The Federal Court has commenced public examinations on dozens of entities connected to a dodgy pre-insolvency adviser, amid concerns they had implemented advice to engage in phoenix activities to avoid creditors.
ATO deputy commissioner Will Day confirmed that more than 45 service providers, clients, employees and alleged “dummy directors” of phoenix companies connected to pre-insolvency adviser Philip Whiteman will be examined in the Federal Court on the grounds of suspected promotion and facilitation of phoenix activities and tax schemes.
The ATO has funded court appointed liquidators, Pitcher Partners, to investigate the affairs and conduct of these entities before any further legal action by the Commonwealth is considered.
Mr Day said the court proceedings were a reminder of the impact of the overall estimated $5 billion hole caused by illegal phoenixing activity and the ATO’s hard-line stance on facilitators and benefactors of such schemes.
“While we can’t comment on the details of specific matters before the courts, this is a timely reminder of the human impact of illegal phoenix activity,” Mr Day said.
“Combatting illegal phoenix behaviour is a high priority for the ATO.
“Our focus is on detecting those who promote and facilitate illegal phoenix behaviour, and disrupting those who willingly engage in phoenixing.”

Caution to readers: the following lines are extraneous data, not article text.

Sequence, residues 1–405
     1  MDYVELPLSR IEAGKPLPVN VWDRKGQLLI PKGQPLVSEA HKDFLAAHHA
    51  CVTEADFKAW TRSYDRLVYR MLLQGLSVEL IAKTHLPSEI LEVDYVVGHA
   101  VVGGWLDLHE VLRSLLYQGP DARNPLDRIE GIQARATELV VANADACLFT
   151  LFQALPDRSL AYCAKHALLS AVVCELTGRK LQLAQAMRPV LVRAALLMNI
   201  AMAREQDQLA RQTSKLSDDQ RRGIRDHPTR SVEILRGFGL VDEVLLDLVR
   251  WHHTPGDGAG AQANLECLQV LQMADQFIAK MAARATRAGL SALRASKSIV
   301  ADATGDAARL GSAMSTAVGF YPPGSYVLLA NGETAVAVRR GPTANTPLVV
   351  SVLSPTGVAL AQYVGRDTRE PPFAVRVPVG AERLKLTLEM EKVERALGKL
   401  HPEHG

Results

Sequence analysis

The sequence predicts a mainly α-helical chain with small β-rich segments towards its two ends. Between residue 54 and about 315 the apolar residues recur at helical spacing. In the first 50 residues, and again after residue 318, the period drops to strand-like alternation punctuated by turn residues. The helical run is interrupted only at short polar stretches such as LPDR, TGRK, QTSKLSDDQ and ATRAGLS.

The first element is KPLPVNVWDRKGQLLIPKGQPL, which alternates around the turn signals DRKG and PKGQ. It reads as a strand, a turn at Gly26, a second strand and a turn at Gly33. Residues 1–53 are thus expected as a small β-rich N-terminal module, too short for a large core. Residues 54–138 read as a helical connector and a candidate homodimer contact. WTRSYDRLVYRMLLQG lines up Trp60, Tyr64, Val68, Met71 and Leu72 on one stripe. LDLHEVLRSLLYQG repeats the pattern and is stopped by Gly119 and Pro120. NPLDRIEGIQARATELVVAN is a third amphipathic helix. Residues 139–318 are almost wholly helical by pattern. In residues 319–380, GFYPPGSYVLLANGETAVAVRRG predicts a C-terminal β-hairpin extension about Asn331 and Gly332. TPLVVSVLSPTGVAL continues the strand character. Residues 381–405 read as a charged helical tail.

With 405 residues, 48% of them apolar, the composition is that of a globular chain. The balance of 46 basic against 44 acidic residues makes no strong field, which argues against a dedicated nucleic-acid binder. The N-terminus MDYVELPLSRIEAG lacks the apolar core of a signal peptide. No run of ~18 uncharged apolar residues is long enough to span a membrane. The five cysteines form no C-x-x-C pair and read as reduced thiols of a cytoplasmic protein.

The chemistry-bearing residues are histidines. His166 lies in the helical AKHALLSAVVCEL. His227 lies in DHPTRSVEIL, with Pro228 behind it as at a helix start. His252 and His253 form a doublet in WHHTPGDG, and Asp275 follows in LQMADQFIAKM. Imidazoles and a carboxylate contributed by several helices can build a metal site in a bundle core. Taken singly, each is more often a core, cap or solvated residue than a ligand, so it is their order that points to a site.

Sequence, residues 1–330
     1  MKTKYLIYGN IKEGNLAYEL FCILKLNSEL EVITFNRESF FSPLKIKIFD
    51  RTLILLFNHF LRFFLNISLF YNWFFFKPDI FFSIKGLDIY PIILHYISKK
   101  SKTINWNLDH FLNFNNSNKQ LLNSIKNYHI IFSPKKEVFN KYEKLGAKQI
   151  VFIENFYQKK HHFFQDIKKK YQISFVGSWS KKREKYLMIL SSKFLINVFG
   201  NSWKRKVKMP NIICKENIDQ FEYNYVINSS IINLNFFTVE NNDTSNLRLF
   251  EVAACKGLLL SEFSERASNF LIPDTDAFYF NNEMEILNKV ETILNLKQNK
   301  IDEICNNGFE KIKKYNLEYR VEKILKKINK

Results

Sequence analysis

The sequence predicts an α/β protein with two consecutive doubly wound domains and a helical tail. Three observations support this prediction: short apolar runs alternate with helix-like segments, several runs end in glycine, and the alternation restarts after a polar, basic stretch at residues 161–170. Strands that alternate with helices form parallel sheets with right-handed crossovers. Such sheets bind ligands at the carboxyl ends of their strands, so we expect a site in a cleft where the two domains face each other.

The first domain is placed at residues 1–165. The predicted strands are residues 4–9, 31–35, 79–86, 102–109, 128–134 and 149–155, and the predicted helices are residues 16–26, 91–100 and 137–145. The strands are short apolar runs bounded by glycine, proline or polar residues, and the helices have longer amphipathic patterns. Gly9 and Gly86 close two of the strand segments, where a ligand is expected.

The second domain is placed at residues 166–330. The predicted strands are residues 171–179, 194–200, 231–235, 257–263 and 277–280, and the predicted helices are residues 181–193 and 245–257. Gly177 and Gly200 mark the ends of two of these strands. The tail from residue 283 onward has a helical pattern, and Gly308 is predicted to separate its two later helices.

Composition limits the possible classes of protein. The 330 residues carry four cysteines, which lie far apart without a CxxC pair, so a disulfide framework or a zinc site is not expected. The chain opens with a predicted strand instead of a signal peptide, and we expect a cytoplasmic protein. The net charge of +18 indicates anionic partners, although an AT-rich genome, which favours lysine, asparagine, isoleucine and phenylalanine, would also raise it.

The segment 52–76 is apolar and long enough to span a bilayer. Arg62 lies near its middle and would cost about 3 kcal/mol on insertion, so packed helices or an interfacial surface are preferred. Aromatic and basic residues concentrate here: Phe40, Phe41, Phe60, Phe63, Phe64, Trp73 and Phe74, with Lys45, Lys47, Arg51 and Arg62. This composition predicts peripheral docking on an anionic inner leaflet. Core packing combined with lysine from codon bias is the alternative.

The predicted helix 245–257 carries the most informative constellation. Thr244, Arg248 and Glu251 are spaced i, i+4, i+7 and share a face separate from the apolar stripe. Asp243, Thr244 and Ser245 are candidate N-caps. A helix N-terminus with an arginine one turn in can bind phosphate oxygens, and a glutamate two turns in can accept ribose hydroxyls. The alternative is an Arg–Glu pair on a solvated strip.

Speaking to My Business’ sister publication Accountants Daily, Australian Restructuring Insolvency & Turnaround Association (ARITA) chief executive John Winter said the ATO’s crackdown on illegal and unregulated insolvency advisers was a welcome move.
“These unregulated and almost always unqualified advisers promote their wares to often unsuspecting people who are in financial distress and what they offer them is generally illegal solutions,” said Mr Winter.
“They are rightly chasing down the dodgy, unqualified advisers. If there are any registered liquidators involved in this, we want them identified and removed from the profession more than anyone else.
“They are scourge on the economy, ripping off creditors, employees and taking advantage of people at their weakest moments. The message needs to be sent to these so-called advisers and the directors who use them that they will be found out and prosecuted.”
Adam Zuchetti is the editor of My Business, and has steered the publication’s editorial direction since early 2016.